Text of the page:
This response led Saladin to declare war on the Kingdom of Jerusalem in 1182. Raynald used his proximity to the Red Sea to launch a small fleet of pirate ships, which plundered villages on the Arabian coast and disrupted Muslim commerce. He even attempted to capture Medina, with designs on Mecca. The campaign was repulsed, and Saladin laid siege to Karak. At the time, however, Humphrey IV of Toron and Isabella of Jerusalem (the half-sister of King Baldwin) were getting married in the castle. According to Crusader chronicler William of Tyre,

[Stephanie] sent to Saladin bread and wine, sheep and cattle in celebration of her son's wedding, reminding him that he used to carry her in his arms when she was a child and he was a slave in the castle. And when Saladin received these gifts he was exceedingly delighted and gave thanks to those who brought them to him, asking where the bride and bridegroom were staying: their tower was pointed out to him. Thereupon Saladin gave out orders throughout his army that no attack should be directed at this tower.

Karak from S No Arabic sources mention that Saladin was ever a slave in Karak, but his chivalry towards the newly-wed teenagers (Humphrey was 16, his bride 11) is consistent with his usual conduct. Unfortunately for him, the siege was shortly relieved by King Baldwin, who appeared with troops, no small feat considering that the leper king could barely walk. Since his quarrel was only with Raynald and not with Baldwin, Saladin withdrew, awaiting a better time for revenge.

A few years later Baldwin died and Saladin got his chance. After some squabbling, Guy de Lusignan was crowned king of the Crusaders. In 1187 Saladin attacked, defeating them  at the Horns of Hattin in Galilee. Raynald was captured and Saladin made a point of personally cutting his head off, while sparing Guy. Then he again laid siege on Karak. This time the knights inside could have no hope of reinforcement. They sold their women and children for food. Eventually they surrendered, as did every Crusader fortress in the land except Tyre—from which a new Crusade began in 1189.

The Crusaders never regained Karak. In the 13th century, Baybars, the Mamluke sultan, enlarged and rebuilt the castle's northwest tower, and later Mamluke rulers added other buildings, including two small donjons or keeps inside the walls.

In 1840, Ibrahim Pasha, an Egyptian general rebelling against the Ottomans, destroyed many of the fortifications. After retaking Karak from him, the Ottomans further dismantled the castle’s defenses, so that the rebellious locals would not be able to use it.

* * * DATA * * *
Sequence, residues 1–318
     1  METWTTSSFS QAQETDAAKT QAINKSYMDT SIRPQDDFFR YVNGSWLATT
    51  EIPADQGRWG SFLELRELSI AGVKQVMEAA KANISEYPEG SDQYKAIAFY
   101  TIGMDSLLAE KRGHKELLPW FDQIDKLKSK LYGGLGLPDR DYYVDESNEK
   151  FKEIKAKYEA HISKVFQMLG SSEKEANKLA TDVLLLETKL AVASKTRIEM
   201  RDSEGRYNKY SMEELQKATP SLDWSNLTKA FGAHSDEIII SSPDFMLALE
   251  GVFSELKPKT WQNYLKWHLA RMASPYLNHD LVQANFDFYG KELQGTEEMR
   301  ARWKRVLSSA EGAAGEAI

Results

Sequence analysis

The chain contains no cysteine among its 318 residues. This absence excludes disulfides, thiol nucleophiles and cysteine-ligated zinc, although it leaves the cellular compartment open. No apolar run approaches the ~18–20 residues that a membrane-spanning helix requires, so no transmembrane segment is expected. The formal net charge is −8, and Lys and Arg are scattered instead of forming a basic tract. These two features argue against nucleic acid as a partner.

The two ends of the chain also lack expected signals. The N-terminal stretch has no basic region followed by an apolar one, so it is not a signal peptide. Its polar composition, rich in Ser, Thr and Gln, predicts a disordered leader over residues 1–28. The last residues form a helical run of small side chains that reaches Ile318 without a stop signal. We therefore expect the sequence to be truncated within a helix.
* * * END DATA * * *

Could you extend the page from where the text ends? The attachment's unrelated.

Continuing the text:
A visit to the castle

Karak: Gallery on castle's N end The castle has seven different levels, some of them in the hill on which it stands. On its west side, a natural ravine drops steeply toward the Dead Sea. Dry moats defend it on the north and south, with part of the southern one doubling as a cistern. A moat on the east divided it from the town, although debris has partially filled this. The best-preserved parts of the Crusader fortifications are on the north end, where rough-hewn stones protrude from the wall. Along the inside of this north wall runs an arched Crusader gallery with arrow slits at regular intervals. Near the castle's northeastern corner are a barracks, kitchens and a bakery.
Continuing along the eastern upper sections, we encounter the Crusader chapel. Although there was a cathedral in the town, medieval administrative records show that the lord of Crac des Moabites had his own priest in the castle. The glacis, a sloping stone-faced defensive bank, can be seen below the eastern wall (see photo above).  Directly opposite is the highest point, the donjon or keep, built by the Mamluke sultan Baybars.

Karak: Overview of castle (please allow a minute to load)

Another donjon in the south wall has a set of structures clustered around a small courtyard. These remain from the residence of an-Nasir Mohammad, a 13th-century Mamluke sultan. When we consider his high rank, the simplicity seems remarkable. Perhaps an-Nasir Mohammad, like the earlier Umayyads who built the Desert complexes, desired a retreat that would remind him of his Beduin roots. The palace once contained much decorative stonework—a carved panel near its eastern entrance gives a hint of what once was.

The lower terrace on the west side contains the castle’s museum, displaying artifacts discovered on the grounds, as well as a restored Mamluke-era gallery running almost the length of the western wall.

Crusader lords, Mamluke sultans and Beduin rebels, noble and sometimes brutal men, ruled here. Standing on the heights of the fortress of Karak, we can imagine the creak of battle engines, the whirr of arrows, and the clash of sword on shield as men strove to dominate this island of rock on the central plateau of Transjordan.